Inflammatory Bowel Disease (IBD)
Patients with IBD are at increased risk for medical complications and decreased quality of life.
IBD is a term commonly used to describe two distinct diseases, ulcerative colitis (UC) and Crohn’s disease (CD). These diseases are caused by chronic inflammation of the gastrointestinal track causing significant complications such as infections, fistulas, and death. It is estimated that in 2015 1.3% of Americans (3 million) are diagnosed with IBD, which represents an increase from 0.9% in 1999. It is unclear why the incidence rate for IBD is increasing but it is clearly becoming a significant issue on the health care system. It is estimated that the cost of managing an IBD patient is 3X of a patient without IBD.
CD is often patchy and may affect both the small and large bowel. The inflammation associated with Crohn’s penetrates multiple mucosal layers and may cause fistula formation with other parts of the bowel or even other organs. UC tends to affect the most superficial mucosa and is continuous in its pattern often involving the rectum. The current treatments for IBD involves systemic drugs that suppresses the immune system which may lead to other complications with the mainstay requiring intravenous infusions.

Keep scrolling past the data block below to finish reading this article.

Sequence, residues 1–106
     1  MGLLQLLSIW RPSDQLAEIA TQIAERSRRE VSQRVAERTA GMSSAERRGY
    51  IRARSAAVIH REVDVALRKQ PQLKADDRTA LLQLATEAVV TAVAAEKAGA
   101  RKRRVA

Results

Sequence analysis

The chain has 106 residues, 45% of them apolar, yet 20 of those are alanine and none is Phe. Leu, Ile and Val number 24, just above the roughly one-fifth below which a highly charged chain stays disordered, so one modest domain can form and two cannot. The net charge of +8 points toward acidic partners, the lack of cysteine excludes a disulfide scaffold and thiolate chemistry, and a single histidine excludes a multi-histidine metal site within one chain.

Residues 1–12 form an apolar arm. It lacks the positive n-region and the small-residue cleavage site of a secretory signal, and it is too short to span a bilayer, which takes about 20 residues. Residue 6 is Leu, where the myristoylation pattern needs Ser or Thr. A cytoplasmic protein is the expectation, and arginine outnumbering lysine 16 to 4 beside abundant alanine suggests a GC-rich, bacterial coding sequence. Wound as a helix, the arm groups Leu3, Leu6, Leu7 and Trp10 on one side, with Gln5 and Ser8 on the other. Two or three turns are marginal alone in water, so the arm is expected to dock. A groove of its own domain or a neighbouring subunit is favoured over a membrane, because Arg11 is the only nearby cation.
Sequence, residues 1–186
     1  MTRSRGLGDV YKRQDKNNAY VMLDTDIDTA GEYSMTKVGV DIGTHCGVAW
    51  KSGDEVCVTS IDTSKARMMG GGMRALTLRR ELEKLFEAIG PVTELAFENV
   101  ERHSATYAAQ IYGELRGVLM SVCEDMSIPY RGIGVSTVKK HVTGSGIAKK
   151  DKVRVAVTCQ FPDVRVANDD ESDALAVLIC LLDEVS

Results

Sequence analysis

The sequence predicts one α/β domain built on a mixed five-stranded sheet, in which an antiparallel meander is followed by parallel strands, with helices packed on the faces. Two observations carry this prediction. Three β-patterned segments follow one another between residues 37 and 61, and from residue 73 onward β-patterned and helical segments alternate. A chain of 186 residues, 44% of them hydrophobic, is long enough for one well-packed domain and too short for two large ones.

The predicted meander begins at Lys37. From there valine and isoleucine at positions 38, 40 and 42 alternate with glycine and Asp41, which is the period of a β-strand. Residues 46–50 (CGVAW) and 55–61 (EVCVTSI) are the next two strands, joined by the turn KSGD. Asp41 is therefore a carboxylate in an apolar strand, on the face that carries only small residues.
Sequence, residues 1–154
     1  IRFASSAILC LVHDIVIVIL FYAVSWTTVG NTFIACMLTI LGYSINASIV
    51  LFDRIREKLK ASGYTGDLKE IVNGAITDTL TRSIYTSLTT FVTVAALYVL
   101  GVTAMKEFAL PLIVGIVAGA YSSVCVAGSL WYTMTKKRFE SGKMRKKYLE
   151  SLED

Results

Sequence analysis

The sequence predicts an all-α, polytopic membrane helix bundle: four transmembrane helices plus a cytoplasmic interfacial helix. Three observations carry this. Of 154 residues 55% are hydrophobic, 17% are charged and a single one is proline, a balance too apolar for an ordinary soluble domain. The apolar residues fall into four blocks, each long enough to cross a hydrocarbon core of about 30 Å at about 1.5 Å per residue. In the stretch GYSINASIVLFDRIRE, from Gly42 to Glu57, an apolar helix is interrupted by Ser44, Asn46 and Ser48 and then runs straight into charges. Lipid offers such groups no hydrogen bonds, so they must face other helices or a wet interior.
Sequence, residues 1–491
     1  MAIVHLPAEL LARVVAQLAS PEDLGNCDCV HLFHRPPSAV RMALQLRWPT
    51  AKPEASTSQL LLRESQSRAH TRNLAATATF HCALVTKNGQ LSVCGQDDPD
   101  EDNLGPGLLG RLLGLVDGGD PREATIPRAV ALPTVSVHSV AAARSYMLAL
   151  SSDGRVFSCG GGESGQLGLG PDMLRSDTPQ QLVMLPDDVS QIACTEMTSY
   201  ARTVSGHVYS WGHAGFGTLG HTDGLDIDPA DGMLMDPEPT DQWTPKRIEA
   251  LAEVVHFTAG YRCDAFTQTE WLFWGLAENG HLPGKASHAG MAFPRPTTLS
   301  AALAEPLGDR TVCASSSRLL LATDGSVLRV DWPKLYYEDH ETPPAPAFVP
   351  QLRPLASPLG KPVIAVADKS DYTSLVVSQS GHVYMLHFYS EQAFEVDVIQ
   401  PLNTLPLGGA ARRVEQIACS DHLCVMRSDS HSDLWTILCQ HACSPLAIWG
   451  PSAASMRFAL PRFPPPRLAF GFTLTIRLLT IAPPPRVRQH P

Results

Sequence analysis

Macrophages have receptors that bind proinflammatory cytokines, which are believed to cause the localized inflammations associated with IBD. An orally delivered macrophage nanosponge that is released into the gut to help eliminate the local bowel inflammation without any systemic effects will offer a welcomed therapeutic option.